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This resolution endorses the appointment of Donald Jacobs as Bishop of the African Methodist Episcopal Church.
Donald Cook lauds Dr. King's efforts to persuade military forces to leave Vietnam. In response to a speech on Vietnam given by Dr. King, Cook agrees that "the Negro should have special interest in the plight of the Vietnamese." He further encourages Dr. King to stand firm in his position to bring a moral conscience to the nation.
Rev. Markham requests a response from Dr. King to an earlier letter. In the previous letter, Markham informed Dr. King that the Brotherhood Society of Beth Shalom Synagogue would like to present an award to Dr. King.
Dr. King discusses nonviolent resistance and freedom. He further challenges various communities by coining the slogan, "hate is always tragic."
Carey McWilliams, Editor of "The Nation," reminds Dr. King that it is nearly time to publish his annual article. McWilliams also requests that the timing of the article correspond with the beginning of the new session of Congress.
Harris Schultz questions the decision to impose an economic boycott in Alabama. He lists several reasons not to boycott, including the voting rights bill currently under consideration in Congress, the bombing of a Negro citizen's home in Birmingham and the apathy of some people in Alabama.
Dr. King delivers this speech at the State Capitol of Georgia protesting the legislation refusal to seat black politician Julian Bond. King calls this a "grave injustice" particularly since the state legislature of Georgia considers itself protecting the United States Constitution. Dr. King points out the irony of this act and exposes other irresponsible actions of the legislature.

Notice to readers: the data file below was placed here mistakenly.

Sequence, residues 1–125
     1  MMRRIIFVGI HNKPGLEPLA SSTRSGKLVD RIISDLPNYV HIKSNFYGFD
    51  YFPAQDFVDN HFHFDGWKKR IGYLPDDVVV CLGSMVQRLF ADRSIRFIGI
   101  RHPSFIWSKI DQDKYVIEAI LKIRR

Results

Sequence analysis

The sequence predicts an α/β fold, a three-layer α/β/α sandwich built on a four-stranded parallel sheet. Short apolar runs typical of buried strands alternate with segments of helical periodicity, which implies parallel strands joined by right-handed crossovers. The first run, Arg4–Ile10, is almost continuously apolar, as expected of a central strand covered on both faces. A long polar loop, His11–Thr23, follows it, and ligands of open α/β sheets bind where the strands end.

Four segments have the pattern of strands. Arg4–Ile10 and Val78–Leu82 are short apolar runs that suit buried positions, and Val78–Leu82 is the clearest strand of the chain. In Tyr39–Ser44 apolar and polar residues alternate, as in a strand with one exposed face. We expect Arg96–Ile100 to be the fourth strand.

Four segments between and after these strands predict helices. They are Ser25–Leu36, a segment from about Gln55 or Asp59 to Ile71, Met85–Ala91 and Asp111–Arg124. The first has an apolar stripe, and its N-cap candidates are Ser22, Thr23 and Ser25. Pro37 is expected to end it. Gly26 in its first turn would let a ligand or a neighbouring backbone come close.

This is the text of an address Dr. King gave to District 65, American Federation of Labor and Congress of Industrial Organizations. Dr. King references his stay in Birmingham Jail and expresses his optimism that the nonviolent movement will be successful.
Dora McDonald informs Mrs. Bill Green that Dr. King is on an extended lecture tour at the moment. She ensures Mrs. Green that the letter and poem sent will receive his attention upon his return.
Greater London Youth and Community Service invites Dr. King to participate in a London to Canterbury Pilgrimage by leading a study on human rights and the church and preaching a sermon.
In this letter the writer asks Dr. King to continue the quest for civil rights and comments on the war in Vietnam.
In this letter, Dr. King offers his deep gratitude to the contribution made by Donald Fletcher. He acknowledges that because of the support of the contributors, the initiatives of the SCLC can continue to flourish.
San Francisco philanthropist and real estate developer Louis Lurie forwards a donation for the SCLC to famous trumpeter Dizzy Gillespie. Gillespie often performed at fundraising concerts for the SCLC.